All 35 people killed in last week's Domodedovo Airport bombing were identified within three days of the attack. But 12 long years after another horrific terrorist attack in Moscow, 12 victims remain unknown, their bodies stored in a morgue by authorities who haven't found the money to carry out the necessary DNA tests.
The unidentified victims died when a powerful explosion ripped through a nine-story apartment building on Ulitsa Guryanova in southeastern Moscow in September 1999, killing 100 people. The blast was one of several that destroyed apartment buildings in Russian cities that month, prompting the start of the second Chechen conflict.
Ninety-six body fragments belonging to the 12 slain people remain at the city's Lianozovo morgue, said Tatyana Karpova, head of Nord Ost, a group that supports victims of terrorist attacks.
Lawyers Igor Trunov and Mikhail Trepashkin, who represented families of the 1999 bombing, confirmed that body fragments remain unidentified, and Trunov said by telephone that city officials have explained that they have no money for DNA tests.
In fact, city officials demanded that relatives of those killed in the bombing pay for DNA tests using money they received as compensation from the state, Karpova said. Those who refused were unable to identify the bodies of their loved ones, she said.
"When you are grieving, they brazenly exploit you," Karpova said by telephone.
Moreover, many relatives were denied proper compensation, lawyer Trepashkin said. Those who were paid got meager sums of 5,000 to 10,000 rubles, Trunov said.
In comparison, a private Moscow firm is currently offering DNA tests for 12,000 to 16,000 rubles.
Three relatives of people killed in the 1999 bombing spoke of their grief over not finding the bodies in recent interviews with Moskovsky Komsomolets.
Lyudmila Knutova lost her 31-year-old son in the bombing and could not find him later among the dead, so an empty coffin was buried instead.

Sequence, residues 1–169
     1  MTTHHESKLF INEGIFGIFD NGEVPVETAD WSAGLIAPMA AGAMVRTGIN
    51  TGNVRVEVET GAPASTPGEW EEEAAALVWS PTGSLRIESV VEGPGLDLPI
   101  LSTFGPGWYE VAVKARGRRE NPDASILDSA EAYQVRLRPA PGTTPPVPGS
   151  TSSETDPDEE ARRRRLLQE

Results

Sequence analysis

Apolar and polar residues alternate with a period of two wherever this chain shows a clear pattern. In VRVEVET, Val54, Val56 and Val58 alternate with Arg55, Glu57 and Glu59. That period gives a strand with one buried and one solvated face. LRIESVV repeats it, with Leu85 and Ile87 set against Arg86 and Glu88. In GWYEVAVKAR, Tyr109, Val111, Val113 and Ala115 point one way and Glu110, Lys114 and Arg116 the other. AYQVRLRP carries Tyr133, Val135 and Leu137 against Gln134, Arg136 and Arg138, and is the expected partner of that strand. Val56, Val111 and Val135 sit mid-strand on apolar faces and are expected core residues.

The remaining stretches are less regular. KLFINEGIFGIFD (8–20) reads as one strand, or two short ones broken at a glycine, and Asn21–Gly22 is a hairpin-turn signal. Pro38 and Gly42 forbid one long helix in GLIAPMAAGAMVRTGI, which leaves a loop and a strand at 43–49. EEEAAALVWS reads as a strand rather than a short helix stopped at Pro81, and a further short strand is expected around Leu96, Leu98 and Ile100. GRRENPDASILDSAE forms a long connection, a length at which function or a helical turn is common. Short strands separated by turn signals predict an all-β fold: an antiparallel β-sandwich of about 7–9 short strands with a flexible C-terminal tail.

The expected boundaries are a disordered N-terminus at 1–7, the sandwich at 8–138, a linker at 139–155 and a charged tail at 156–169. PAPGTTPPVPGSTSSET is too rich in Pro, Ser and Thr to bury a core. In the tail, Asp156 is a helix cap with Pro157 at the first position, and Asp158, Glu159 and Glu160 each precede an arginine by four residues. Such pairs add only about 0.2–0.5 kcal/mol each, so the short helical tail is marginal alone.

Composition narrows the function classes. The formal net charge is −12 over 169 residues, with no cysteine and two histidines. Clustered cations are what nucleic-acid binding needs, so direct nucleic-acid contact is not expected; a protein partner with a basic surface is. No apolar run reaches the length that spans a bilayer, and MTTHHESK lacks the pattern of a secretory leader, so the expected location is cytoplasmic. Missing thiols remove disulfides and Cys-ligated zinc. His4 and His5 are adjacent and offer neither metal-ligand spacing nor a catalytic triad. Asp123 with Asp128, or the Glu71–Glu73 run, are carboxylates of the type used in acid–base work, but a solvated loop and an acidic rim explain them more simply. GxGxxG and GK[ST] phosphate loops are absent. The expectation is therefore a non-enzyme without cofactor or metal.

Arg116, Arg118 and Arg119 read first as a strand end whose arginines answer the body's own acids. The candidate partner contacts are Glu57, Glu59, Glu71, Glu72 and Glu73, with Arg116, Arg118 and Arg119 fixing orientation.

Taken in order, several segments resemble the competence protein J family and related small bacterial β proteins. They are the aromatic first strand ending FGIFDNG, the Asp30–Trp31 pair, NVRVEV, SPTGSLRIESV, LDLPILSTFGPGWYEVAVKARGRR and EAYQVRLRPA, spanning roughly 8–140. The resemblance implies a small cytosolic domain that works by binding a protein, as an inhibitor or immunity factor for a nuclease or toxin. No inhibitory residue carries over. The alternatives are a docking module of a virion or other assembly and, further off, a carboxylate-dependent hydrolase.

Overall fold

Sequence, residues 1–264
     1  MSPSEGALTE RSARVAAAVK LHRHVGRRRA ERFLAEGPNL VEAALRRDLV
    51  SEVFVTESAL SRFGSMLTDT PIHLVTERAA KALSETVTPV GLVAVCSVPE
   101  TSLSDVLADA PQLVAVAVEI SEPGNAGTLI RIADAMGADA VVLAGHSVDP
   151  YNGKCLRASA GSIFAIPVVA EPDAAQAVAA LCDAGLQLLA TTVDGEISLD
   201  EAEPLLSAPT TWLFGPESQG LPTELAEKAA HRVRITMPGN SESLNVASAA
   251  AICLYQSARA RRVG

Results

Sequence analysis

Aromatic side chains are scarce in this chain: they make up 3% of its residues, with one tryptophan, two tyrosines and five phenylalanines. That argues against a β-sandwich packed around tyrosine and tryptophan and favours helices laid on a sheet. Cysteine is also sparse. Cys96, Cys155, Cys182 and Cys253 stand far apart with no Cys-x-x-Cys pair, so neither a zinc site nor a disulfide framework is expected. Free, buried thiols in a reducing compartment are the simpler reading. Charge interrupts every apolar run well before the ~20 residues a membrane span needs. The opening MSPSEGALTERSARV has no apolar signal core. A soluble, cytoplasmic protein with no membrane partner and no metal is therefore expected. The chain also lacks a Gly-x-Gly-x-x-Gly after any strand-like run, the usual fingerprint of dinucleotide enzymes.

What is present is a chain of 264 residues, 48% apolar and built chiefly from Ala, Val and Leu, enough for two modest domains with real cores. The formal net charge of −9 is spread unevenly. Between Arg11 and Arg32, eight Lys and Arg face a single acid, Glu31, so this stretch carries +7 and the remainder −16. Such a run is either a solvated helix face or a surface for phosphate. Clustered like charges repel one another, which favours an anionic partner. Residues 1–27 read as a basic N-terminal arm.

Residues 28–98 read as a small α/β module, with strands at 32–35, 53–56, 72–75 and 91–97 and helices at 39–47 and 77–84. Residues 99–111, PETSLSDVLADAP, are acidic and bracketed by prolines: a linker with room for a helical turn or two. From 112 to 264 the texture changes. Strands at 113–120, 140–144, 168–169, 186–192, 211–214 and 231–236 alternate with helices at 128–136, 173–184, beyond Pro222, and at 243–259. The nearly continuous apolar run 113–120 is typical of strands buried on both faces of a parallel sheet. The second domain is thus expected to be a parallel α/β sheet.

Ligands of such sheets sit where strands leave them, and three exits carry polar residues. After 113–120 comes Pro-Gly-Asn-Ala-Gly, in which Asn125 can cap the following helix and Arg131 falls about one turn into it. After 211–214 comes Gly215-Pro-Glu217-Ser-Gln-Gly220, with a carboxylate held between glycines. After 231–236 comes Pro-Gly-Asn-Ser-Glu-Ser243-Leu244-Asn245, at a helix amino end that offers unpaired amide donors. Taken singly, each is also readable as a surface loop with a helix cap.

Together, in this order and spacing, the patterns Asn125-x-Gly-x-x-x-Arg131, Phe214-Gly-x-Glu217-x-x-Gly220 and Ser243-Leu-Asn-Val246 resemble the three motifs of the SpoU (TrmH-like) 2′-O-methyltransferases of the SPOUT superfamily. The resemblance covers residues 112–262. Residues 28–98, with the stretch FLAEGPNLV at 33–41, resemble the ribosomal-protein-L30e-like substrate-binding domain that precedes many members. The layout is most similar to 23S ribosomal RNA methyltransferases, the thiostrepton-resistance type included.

Tamara Gorbyleva lost her 4-year-old grandson, daughter and son-in-law, but only the daughter was identified.
Anna Pakhomova lost her father.
Two of them paid for DNA tests, and the third did a free-of-charge test, but none managed to identify their relatives among the body fragments examined during testing.
The presumed victims officially have been listed as missing. No official data is available for how many people are on this list after the blast.
Knutova, reached by phone, refused to talk, saying she did not want to "reopen old wounds."
Gorbyleva, a member of the Nord Ost group, also declined to comment.
No contacts for Pakhomova were available.
In the 12 years since the blast, no government agency has offered an explanation for why the body fragments remain unidentified.
A 2006 counter-terrorism law and a 2008 government regulation assign the responsibility of assisting victims of terrorism to the Emergency Situations Ministry and the Cabinet in general, as well as regional authorities.
Inquiries submitted two weeks ago to all three state bodies, including Moscow's City Hall, which has the status of regional government, as well as City Hall's health department, which supervises Moscow's morgues, went unanswered Wednesday.
The Prosecutor General's Office, which led the investigation into the bombing, refused to comment on the matter, saying the inquiry should be handled by the Investigative Committee, which was separated from the agency last month.
Trepashkin blamed the limbo on negligence by investigators, the high cost of DNA testing and "the large amount of work" the investigation required.
Some victims have not been unidentified because their remains were collected at the bombing scene by excavators, piled together and only sorted much later, Trepashkin said.
The month of the Ulitsa Guryanova bombing was dubbed “Black September” because three other blasts took place nationwide within weeks. The death toll of the four attacks, including another bombing in Moscow and explosions in Dagestan's Buinaksk and the Rostov region's Volgodonsk, reached 293.
Officials said the spate of attacks was masterminded by three Islamist militants, including an Uzbek citizen and two natives of Karachayevo-Cherkessia.
The Uzbek native, Denis Saitakov, was killed in action in Chechnya in 2000. Another suspect, Achemez Gochiyayev, remains at large, and the third, Yusuf Krymshamkhalov, was given life in prison in 2004.
Trepashkin is among the critics of the Kremlin who have called the attacks a security service plot to justify the new Chechen campaign and bring Prime Minister Vladimir Putin to power. Putin was elected president in 2000, in part because of his strong stance on terrorism.
Many of those who conducted independent investigations into the 1999 attacks have been prosecuted on charges they have called fabricated or died under murky circumstances. Trepashkin himself spent four years in prison after being convicted of divulging state secrets.
Now-deceased critics of the Kremlin in connection with the 1999 attacks include investigative journalist Anna Politkovskaya, shot dead in 2006; Alexander Litvinenko, a former security officer who was poisoned with radioactive polonium in London in 2006; and State Duma deputies Sergei Yushenkov and Yury Shchekochikhin, who sat on a Duma commission to investigate the bombings.